They will attract butterflies and hummingbirds to your garden.
7. Swamp milkweed (Asclepias incarnata)
Next on the list is swamp milkweed. Milkweeds are known for being easy to care for and attracting lots of butterflies and this one is no exception.
Swamp milkweed, as its name suggests, does best in wet, marshy, or swampy conditions. It is also called pink milkweed, for the pink flowers that bloom on it. It grows about 2-4 feet tall, and the pink or purple flowers bloom from June to October.
It will do great in moist soil or in and around a pond and is beneficial to native bees as well.
8. Butterflyweed (Asclepias tuberosa)
Butterflyweed is another variety of milkweed that also attracts butterflies, bees, and hummingbirds to your garden. It is known by many other names including pleurisy root, chigger flower, and orange milkweed.
This bushy plant grows from 1 ½ to 2 feet tall and has large, clusters of flat-topped orange flowers at the tops of the stems. It blooms from May to September and likes dry to moist soil that is well-drained. It can tolerate some drought conditions. It likes full sun and also works nicely as a cut flower.
9. White wild indigo (Baptisia alba)
White wild indigo is also known as white baptisia. It’s part of the pea family and grows from 2-4 feet tall, on average.
The white flowers bloom from April to July. They typically bloom earlier in the south and later in the northern parts.
This plant likes dry to moist, acidic soil and full sun. They are great as ornamental in gardens and grasslands and very beneficial to native bees and bumblebees.
10. American bellflower (Campanulastrum americanum)
American bellflower, or tall bellflower, is a beautiful blue flower in the bellflower family. It grows 3-4 feet tall with leafy stems and the light blue to violet flowers bloom at the tops in clusters.
The purple blooms are stunning and sure to draw attention to your garden. They bloom from June to August and like moist, rich soils and part shade. Direct sunlight will burn them. They can germinate from seed easily.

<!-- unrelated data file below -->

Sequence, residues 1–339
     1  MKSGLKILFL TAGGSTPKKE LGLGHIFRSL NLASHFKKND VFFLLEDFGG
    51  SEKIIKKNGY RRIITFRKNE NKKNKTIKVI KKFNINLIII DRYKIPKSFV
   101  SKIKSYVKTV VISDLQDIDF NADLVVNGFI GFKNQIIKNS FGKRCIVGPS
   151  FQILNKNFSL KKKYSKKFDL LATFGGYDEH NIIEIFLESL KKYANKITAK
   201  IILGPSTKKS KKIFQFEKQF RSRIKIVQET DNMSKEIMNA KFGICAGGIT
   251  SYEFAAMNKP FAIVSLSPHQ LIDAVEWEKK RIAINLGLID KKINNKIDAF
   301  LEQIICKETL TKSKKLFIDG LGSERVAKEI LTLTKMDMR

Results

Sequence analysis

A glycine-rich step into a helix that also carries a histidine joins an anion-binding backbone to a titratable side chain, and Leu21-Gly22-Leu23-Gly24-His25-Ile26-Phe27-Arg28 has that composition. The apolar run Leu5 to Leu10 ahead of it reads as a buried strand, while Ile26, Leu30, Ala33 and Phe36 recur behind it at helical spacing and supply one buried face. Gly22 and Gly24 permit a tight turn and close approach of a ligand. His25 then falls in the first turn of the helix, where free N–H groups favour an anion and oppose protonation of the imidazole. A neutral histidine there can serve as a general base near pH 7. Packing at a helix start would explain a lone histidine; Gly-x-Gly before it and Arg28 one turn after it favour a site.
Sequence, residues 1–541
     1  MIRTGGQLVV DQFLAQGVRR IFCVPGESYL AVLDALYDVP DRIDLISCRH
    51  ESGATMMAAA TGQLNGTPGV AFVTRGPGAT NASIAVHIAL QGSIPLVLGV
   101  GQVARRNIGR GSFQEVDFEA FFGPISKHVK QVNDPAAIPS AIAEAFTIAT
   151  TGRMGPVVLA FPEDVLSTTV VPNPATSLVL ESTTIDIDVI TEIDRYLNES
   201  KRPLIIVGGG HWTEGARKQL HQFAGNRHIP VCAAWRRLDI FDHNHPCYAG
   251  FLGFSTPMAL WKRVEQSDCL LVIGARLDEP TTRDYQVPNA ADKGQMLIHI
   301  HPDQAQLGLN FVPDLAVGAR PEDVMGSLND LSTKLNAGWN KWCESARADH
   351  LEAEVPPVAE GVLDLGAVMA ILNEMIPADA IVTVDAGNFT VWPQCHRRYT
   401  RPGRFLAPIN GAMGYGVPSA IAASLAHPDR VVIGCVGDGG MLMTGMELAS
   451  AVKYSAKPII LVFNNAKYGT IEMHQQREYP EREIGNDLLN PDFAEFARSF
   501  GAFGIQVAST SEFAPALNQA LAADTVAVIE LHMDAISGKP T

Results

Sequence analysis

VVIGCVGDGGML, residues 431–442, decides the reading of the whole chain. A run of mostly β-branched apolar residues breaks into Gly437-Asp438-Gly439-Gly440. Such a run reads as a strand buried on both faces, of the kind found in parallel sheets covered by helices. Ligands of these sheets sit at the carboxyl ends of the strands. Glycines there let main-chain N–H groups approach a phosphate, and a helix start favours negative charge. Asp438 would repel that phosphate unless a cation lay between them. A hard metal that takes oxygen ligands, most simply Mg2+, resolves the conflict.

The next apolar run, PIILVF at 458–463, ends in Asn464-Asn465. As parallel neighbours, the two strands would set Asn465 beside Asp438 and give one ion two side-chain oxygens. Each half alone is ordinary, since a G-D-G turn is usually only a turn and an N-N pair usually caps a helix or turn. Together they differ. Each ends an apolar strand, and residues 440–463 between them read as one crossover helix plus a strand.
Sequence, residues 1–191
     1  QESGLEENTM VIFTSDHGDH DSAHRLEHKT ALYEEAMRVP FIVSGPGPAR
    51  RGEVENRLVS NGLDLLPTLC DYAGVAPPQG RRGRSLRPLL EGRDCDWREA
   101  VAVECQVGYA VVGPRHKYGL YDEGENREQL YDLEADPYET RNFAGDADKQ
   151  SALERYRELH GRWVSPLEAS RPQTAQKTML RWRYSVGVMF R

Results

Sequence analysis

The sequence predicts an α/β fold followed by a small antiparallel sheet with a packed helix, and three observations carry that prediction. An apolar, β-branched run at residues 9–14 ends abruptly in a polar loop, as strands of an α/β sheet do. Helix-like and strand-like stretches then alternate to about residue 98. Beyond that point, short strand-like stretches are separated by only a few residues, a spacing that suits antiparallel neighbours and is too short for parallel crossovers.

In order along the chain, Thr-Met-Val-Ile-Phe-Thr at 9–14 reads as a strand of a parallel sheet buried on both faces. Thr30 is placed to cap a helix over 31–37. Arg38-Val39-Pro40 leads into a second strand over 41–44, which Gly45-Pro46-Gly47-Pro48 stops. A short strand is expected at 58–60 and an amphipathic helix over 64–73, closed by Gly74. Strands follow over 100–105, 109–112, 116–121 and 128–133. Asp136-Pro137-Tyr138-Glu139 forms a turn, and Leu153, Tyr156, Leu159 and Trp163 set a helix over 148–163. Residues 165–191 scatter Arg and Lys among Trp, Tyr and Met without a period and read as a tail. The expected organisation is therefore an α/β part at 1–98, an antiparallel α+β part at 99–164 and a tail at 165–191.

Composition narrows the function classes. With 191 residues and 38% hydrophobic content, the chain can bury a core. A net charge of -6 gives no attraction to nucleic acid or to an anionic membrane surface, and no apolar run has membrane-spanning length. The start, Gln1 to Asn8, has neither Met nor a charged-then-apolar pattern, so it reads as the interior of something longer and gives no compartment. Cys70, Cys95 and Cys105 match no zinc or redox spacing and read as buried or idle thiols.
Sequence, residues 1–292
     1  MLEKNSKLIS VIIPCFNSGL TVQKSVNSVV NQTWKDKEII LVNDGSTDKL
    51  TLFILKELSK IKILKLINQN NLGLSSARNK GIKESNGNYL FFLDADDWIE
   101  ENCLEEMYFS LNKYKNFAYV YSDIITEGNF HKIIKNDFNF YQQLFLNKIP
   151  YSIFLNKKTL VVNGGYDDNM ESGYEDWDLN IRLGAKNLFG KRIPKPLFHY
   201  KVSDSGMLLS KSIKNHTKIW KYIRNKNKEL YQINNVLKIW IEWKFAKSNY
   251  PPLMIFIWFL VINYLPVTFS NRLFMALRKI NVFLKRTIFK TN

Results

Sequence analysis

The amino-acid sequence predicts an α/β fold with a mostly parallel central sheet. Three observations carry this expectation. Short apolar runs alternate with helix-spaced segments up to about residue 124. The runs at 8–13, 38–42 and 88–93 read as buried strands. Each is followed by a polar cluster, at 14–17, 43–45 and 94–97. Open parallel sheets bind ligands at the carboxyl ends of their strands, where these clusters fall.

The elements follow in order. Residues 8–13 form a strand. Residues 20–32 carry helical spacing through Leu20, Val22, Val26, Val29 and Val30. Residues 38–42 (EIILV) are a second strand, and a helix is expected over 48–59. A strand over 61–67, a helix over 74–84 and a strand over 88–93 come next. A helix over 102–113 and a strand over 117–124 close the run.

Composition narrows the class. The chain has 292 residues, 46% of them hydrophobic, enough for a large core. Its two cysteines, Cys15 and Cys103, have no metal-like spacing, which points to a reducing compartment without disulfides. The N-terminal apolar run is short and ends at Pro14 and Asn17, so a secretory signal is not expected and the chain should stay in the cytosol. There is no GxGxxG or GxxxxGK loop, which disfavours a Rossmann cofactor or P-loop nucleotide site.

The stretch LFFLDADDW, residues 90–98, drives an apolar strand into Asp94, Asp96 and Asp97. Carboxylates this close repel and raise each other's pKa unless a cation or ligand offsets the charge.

11. Yellow marsh marigold (Caltha palustris)
Yellow marsh marigold is a simple but beautiful flower. Also known as cowslip, it’s part of the buttercup family and it grows 1-2 feet tall with heart-shaped leaves and a thick branching stem.
The bright, shiny yellow flowers grow at the tops of these stems, above the green leaves. They bloom from April to May and like moist to wet, acidic, humus-rich soil. They like partial to full shade and once established, require very little maintenance.
12. Harebell (Campanula rotundifolia)
Another native choice is harebell, which is actually known by many common names to include bluebell bellflower, witches’ thimble, and bluebell of Scotland. It’s a delicate bellflower with slender stems about 4-15 inches tall.
The blue to violet flowers bloom at the tops and sometimes can weigh the delicate stems down so they lean over. They have the traditional bell shape to them, and they bloom in June through September.
They like dry, sandy, well-drained soils and full sun to part shade and will attract hummingbirds to your garden.
13. Fireweed (Chamerion angustifolium ssp. angustifolium)
Fireweed is another blooming native that makes a strong appearance in a garden or landscape. Also known as willowherb, this member of the evening primrose family is usually 3-5 feet tall and the pink to purple flowers bloom at the tops of those reddish stems from June to August.
They like moist to dry, well-drained soils and full sun. They will attract butterflies and bees to your garden.
They can become weedy in some garden settings and may require some maintenance to keep them looking their best.
14. Partridge pea (Chamaecrista fasciculata)
Partridge pea is also called the sensitive plant and grows from 1-3 feet tall with large, showy, yellow flowers arising from the leaf axils. Each flower has a red mark on it and a narrow pod.